Sen. Rand PaulRandal (Rand) Howard PaulBusiness, conservative groups slam Trump’s national emergency declaration The Hill's 12:30 Report — Presented by Kidney Care Partners — Trump escalates border fight with emergency declaration On The Money: Trump declares emergency at border | Braces for legal fight | Move divides GOP | Trump signs border deal to avoid shutdown | Winners, losers from spending fight | US, China trade talks to resume next week MORE (R-Ky.) is holding up a vote on the Defense Authorization Act until he gets a vote on his amendment affirming the Sixth Amendment of the Constitution and the indefinite detention of Americans.

Paul is seeking an agreement in principle to get a vote on his amendment when the Senate takes up the defense authorization bill that funds and sets the agenda for the U.S. military.

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Senate Majority Leader Harry ReidHarry Mason ReidConstitutional conservatives need to oppose the national emergency Klobuchar: 'I don't remember' conversation with Reid over alleged staff mistreatment Dems wary of killing off filibuster MORE (D-Nev.) had said at the beginning of the week that he wished to move onto consideration of the Defense Authorization Act, S. 3254, before leaving for Thanksgiving break Thursday night.

“[Republicans] say they want to move to the defense authorization bill, so I said yesterday, fine, let’s move to it,” Reid said on the floor Thursday. “But my friends can’t take ‘yes’ for an answer.

“[Democrats are] not the cause for why the defense authorization bill is not being brought to the floor.”

Reid agreed to allow an open amendment process on the defense bill because he said Senate Armed Service Committee leaders, Sens. Carl LevinCarl Milton LevinListen, learn and lead: Congressional newcomers should leave the extremist tactics at home House Democrats poised to set a dangerous precedent with president’s tax returns The Hill's 12:30 Report — Sponsored by Delta Air Lines — White House to 'temporarily reinstate' Acosta's press pass after judge issues order | Graham to take over Judiciary panel | Hand recount for Florida Senate race MORE (D-Mich.) and John McCainJohn Sidney McCainMark Kelly's campaign raises over M in days after launching Senate bid The Hill's 12:30 Report — Presented by Kidney Care Partners — Lawmakers wait for Trump's next move on border deal Mark Kelly launches Senate bid in Arizona MORE (R-Ariz.), agreed to wade through and table all the non-germane amendments offered.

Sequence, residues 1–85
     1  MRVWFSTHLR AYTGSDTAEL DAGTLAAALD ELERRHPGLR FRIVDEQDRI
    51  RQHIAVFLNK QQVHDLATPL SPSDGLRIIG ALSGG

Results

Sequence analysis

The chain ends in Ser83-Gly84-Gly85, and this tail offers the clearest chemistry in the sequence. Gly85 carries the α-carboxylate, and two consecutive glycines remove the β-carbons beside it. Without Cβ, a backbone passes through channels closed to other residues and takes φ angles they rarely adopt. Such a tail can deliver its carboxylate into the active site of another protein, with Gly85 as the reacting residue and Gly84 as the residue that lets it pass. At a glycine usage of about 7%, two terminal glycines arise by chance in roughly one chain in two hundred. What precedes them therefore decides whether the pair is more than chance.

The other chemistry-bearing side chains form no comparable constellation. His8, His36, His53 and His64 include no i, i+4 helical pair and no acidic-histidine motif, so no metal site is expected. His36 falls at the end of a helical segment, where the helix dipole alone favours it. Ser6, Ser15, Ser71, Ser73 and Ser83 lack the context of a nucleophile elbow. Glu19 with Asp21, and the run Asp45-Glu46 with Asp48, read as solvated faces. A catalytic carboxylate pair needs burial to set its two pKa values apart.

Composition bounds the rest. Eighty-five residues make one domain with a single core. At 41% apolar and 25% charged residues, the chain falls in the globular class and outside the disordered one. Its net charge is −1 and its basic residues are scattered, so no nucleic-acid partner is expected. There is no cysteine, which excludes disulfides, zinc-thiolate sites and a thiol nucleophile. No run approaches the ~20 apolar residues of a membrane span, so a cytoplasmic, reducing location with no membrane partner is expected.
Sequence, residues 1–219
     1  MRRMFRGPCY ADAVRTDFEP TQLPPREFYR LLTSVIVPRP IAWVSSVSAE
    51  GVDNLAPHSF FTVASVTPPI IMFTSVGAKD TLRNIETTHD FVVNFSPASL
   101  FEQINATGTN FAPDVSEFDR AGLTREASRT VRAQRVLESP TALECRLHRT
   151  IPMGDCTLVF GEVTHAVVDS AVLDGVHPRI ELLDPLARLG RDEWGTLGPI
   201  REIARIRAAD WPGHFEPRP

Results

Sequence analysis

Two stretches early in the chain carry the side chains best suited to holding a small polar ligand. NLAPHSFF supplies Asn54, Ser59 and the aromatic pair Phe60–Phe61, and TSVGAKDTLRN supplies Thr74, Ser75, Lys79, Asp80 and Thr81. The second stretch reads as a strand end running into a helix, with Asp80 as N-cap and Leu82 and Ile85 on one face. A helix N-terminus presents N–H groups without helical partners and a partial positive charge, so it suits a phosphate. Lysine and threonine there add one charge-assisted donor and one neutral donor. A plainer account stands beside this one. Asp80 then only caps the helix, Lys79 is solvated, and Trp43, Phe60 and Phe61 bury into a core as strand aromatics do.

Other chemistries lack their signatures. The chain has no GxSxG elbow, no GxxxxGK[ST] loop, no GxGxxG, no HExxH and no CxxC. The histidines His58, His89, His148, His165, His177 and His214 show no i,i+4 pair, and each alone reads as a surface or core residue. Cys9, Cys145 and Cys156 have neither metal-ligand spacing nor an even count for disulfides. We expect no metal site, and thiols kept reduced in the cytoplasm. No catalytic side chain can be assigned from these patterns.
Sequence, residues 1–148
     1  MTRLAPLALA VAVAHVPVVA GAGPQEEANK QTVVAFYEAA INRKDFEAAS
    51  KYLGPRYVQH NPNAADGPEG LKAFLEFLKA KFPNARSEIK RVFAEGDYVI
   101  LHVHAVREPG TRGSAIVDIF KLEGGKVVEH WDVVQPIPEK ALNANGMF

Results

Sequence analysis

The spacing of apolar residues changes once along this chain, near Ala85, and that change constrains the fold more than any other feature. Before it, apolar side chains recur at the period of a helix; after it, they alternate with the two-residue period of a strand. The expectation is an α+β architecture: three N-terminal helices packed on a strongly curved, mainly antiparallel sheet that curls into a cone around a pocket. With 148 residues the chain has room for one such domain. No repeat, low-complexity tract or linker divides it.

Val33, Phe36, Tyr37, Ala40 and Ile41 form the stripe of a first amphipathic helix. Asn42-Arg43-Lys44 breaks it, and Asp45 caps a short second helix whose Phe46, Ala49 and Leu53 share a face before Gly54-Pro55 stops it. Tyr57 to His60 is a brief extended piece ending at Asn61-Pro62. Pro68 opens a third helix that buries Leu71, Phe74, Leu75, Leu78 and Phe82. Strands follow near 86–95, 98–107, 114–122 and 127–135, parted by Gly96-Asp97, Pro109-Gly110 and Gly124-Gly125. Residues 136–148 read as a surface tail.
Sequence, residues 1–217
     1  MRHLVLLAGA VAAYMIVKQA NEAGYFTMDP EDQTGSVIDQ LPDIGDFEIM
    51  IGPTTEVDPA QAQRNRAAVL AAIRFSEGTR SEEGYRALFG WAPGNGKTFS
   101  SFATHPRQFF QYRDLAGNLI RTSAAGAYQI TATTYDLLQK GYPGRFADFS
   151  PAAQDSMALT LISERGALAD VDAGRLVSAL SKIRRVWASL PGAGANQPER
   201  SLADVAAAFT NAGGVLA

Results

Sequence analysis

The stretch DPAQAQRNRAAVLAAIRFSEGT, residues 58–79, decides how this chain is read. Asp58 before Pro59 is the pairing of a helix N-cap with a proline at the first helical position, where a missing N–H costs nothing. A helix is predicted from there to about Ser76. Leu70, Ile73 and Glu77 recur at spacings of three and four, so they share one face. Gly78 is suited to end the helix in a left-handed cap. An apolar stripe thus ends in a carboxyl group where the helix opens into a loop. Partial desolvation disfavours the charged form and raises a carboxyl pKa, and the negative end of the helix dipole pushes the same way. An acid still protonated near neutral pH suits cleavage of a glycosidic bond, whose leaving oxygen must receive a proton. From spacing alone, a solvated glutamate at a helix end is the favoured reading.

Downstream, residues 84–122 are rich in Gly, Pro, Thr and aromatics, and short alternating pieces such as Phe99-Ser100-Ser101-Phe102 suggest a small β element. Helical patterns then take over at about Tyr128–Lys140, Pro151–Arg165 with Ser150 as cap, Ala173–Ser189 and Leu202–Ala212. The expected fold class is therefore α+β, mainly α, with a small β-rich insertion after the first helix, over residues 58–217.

Paul’s amendment would give American citizens being held by the military rights to a fair trial with a jury of peers and the right to confront the witnesses against him or her.

“A citizen of the United States who is captured or arrested in the United States and detained by the Armed Forces of the United States pursuant to the Authorization for Use of Military Force (Public Law 107–40) shall enjoy the right to a speedy and public trial, by an impartial jury of the State and district wherein the crime shall have been committed, which district shall have been previously ascertained by law, and to be informed of the nature and cause of the accusation; to be confronted with the witnesses against him; to have compulsory process for obtaining witnesses in his favor, and to have the Assistance of Counsel for his defense,” the amendment states.

Reid said he hoped Republicans resolve the issue so the Senate can proceed to the Defense Authorization Act when it resumes work on Monday, Nov. 26.